WASHINGTON – Some people in Washington want to try to force U.S. President Barack Obama to make a decision on the Keystone XL pipeline, whether he likes it or not.
There’s talk in Congress about attaching a pipeline provision to an existing bill in an attempt to force the president’s hand.
The White House is refusing to say whether the president would veto such a bill.
At today’s media briefing, presidential spokesman Jay Carney urged Congress to stay out of the issue and refused to speculate on how Obama would react.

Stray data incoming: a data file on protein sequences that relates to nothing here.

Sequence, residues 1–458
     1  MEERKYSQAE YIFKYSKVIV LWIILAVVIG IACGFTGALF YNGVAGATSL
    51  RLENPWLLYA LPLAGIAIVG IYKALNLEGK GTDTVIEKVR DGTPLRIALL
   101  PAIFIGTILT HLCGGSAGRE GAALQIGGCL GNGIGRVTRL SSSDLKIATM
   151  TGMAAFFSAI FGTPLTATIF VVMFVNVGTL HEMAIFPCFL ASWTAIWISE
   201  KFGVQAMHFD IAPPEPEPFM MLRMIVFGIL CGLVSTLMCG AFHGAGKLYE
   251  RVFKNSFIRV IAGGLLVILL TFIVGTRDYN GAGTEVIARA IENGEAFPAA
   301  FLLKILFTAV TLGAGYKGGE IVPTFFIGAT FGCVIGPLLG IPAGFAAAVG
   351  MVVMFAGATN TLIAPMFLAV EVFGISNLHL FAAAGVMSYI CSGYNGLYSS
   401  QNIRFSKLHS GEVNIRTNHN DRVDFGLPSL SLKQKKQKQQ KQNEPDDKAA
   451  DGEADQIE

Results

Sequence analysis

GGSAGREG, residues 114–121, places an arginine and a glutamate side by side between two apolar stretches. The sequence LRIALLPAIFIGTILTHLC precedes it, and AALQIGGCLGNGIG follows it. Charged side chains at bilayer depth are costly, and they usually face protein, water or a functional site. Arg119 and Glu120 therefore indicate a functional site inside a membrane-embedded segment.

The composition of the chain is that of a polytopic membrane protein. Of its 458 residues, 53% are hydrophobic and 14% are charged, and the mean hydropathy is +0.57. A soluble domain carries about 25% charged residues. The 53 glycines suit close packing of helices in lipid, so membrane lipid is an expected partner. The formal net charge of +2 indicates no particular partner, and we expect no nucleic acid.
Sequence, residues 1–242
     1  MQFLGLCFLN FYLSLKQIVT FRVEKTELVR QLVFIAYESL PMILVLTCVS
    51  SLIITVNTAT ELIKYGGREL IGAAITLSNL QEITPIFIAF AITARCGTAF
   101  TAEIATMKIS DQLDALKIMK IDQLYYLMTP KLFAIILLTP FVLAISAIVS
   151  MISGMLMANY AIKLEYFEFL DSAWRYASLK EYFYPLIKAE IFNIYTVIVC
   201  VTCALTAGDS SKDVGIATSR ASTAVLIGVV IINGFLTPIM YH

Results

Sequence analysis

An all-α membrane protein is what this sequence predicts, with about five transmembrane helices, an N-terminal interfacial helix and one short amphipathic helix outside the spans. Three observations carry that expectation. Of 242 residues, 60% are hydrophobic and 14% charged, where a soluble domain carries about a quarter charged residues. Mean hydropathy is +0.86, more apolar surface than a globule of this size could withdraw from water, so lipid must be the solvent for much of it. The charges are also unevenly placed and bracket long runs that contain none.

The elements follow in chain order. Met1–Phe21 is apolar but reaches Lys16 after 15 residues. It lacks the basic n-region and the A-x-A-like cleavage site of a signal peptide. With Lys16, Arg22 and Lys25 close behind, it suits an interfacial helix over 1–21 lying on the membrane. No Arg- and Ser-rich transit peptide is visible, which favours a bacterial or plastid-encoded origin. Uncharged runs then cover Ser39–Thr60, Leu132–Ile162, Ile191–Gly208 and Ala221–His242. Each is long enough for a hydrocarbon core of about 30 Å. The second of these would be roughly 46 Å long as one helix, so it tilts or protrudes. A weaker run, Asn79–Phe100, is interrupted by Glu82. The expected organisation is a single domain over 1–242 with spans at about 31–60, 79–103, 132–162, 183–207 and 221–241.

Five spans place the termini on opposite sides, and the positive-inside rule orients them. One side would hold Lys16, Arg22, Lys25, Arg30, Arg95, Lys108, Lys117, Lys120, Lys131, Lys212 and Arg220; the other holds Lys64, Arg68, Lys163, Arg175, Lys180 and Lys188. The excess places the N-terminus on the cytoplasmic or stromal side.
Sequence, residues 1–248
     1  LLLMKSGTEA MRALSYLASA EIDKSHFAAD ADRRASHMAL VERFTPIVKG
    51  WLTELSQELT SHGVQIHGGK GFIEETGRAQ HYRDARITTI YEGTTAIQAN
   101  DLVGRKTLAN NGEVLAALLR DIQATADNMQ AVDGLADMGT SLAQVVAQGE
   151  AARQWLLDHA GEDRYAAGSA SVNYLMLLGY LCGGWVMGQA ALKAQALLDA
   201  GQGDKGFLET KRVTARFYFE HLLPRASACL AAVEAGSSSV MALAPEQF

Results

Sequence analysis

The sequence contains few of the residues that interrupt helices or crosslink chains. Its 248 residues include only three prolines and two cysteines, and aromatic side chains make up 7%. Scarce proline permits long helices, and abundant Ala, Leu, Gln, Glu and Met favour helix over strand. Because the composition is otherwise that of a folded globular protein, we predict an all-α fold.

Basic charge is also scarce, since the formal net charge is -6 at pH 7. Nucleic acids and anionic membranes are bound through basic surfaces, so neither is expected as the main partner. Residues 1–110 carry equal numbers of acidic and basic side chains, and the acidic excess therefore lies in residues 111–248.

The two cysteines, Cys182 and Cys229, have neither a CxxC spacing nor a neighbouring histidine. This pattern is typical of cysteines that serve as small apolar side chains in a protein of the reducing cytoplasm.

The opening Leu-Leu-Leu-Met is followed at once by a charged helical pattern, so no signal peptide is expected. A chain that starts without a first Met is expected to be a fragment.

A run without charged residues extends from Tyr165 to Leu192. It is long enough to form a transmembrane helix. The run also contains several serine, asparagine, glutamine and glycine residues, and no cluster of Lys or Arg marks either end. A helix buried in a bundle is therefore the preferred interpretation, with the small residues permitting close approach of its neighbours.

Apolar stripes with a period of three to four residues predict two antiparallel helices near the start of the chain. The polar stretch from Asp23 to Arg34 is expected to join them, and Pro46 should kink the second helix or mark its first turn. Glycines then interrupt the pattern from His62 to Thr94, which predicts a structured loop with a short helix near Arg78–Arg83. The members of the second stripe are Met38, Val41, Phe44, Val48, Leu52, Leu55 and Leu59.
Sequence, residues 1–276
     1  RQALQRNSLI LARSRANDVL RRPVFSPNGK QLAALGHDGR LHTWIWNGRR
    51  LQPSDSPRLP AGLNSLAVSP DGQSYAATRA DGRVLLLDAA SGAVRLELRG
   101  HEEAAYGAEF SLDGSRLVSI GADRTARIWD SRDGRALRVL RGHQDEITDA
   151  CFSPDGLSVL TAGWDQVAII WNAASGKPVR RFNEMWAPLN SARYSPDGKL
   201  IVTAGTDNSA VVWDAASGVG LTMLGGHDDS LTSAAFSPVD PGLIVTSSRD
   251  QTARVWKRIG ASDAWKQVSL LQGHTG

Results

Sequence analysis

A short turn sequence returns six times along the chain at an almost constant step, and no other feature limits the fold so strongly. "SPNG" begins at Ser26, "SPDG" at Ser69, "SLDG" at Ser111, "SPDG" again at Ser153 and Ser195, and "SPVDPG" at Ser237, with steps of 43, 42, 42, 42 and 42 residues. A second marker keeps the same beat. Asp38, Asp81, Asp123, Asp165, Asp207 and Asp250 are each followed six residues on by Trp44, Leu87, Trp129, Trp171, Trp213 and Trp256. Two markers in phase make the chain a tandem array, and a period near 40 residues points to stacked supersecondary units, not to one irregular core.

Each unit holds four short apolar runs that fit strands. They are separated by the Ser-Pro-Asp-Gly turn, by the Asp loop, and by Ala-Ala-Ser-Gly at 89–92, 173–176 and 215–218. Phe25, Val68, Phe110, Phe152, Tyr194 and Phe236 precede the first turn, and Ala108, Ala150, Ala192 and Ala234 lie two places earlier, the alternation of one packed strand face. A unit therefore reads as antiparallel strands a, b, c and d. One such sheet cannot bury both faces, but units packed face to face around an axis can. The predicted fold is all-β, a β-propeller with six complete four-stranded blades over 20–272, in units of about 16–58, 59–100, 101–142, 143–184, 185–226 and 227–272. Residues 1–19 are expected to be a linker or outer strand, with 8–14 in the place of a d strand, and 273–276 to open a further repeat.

The Keystone XL decision belongs to the administration, not to legislators. The administration has announced a delay that could last a year, pending the outcome of a court fight over the route in Nebraska.
Now, some members of Congress are working to slide a Keystone XL provision into another bill.
The Senate majority leader, Democrat Harry Reid, has announced such talks are underway but says there’s no agreement yet over the mechanics, such as which bill to use and how aggressive the Keystone clause would be.